BibTeX is many things to many people, but we principally use it as a bibliographic file format.
This of course produces a whole slew of problems when it comes to online resources, for the simple reason that BibTex predates online resources.
Traditional paper media have a whole set of conventions we understand about the differences between a book, a book chapter, a paper, and a conference paper, all of which BibTeX handles well by using
@book and so on.
Strict BibTex only really has the
@misc format to incorporate url’s and so on but that works quite nicely, as we can see with using BibTeX for dataset citation, the only problem being that if everything is
@misc we lose the distinction between articles, datasets and conference presentations and so on. Using the newer BibLaTeX standard allows UTF-8 characters, but really does not add anything – you end up with a generic
@online type instead of simply coercing
@misc to do your bidding.
This is not just a BibTeX thing – all reference managers in common use are still firmly bedded in the paper era – Endnote has similar problems distinguishing between various sorts of electronic resources.
There is another problem with online articles.
In the old days your research paper was published in only one place, and consequently had only one incarnation, and hence one citation.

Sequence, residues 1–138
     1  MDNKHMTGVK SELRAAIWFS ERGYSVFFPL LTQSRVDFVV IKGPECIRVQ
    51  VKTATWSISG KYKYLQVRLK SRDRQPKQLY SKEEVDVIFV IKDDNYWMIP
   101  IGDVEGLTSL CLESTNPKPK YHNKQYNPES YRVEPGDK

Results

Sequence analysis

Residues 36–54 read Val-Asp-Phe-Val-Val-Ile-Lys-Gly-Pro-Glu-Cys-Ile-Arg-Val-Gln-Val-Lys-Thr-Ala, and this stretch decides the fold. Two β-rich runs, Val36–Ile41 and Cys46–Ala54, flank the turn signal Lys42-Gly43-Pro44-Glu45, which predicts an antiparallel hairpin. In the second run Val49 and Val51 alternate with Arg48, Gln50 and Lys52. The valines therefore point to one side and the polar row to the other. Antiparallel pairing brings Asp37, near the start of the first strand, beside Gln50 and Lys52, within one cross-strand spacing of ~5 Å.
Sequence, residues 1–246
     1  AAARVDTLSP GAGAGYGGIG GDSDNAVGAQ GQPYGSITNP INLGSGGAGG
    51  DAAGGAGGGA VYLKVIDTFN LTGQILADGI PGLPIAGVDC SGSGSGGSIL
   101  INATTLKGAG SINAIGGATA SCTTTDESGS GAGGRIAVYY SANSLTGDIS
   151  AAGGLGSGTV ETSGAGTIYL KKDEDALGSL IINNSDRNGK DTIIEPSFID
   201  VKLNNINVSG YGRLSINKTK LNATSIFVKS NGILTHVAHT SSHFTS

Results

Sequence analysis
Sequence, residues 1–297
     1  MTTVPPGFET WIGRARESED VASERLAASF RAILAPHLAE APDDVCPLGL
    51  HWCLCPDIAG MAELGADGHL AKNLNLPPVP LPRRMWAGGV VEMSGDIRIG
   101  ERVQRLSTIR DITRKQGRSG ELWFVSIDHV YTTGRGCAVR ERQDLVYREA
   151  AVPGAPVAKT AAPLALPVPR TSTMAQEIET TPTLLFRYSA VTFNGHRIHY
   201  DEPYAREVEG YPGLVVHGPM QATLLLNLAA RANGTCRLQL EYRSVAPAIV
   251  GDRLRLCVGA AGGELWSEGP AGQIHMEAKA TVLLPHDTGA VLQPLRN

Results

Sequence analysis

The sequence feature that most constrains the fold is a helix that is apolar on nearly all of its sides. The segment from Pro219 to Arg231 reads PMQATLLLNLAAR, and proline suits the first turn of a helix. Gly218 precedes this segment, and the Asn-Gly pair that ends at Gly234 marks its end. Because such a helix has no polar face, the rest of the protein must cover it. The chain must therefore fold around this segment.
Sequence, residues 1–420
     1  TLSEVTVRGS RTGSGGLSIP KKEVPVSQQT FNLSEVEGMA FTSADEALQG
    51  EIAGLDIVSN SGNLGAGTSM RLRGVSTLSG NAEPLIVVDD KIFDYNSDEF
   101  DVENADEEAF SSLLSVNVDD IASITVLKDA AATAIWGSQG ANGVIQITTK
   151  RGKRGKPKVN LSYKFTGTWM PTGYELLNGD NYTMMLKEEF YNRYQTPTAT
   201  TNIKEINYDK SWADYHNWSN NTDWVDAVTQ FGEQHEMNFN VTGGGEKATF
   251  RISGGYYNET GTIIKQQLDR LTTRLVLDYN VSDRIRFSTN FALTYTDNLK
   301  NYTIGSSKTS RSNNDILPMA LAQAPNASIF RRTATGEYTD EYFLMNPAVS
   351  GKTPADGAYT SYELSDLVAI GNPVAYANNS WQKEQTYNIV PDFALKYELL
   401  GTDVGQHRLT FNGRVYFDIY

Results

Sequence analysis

With open access material you may find the pdf of the journal article in a variety of locations, the journal publisher’s site, your institutional repository, or some specialist collection, in other words you can have multiple instances of the same document, and each instance will have a different url.
This of course would play havoc with citation counts. The simplest solution is to implement a rule that the copy published in the open access journal is the primary one and that secondary copies are just that, and consequently the url cited is the one derived from the digital object identifier, and not the one generated by the local document server – logically the copy in your local repository is the analogue of the xerox of the journal copy you got from your local library’s document supply service.
So, in the case of a dataset, or a conference paper or something only published locally the doi should resolve to the local instance, but where it’s published elsewhere it should resolve to the journal doi …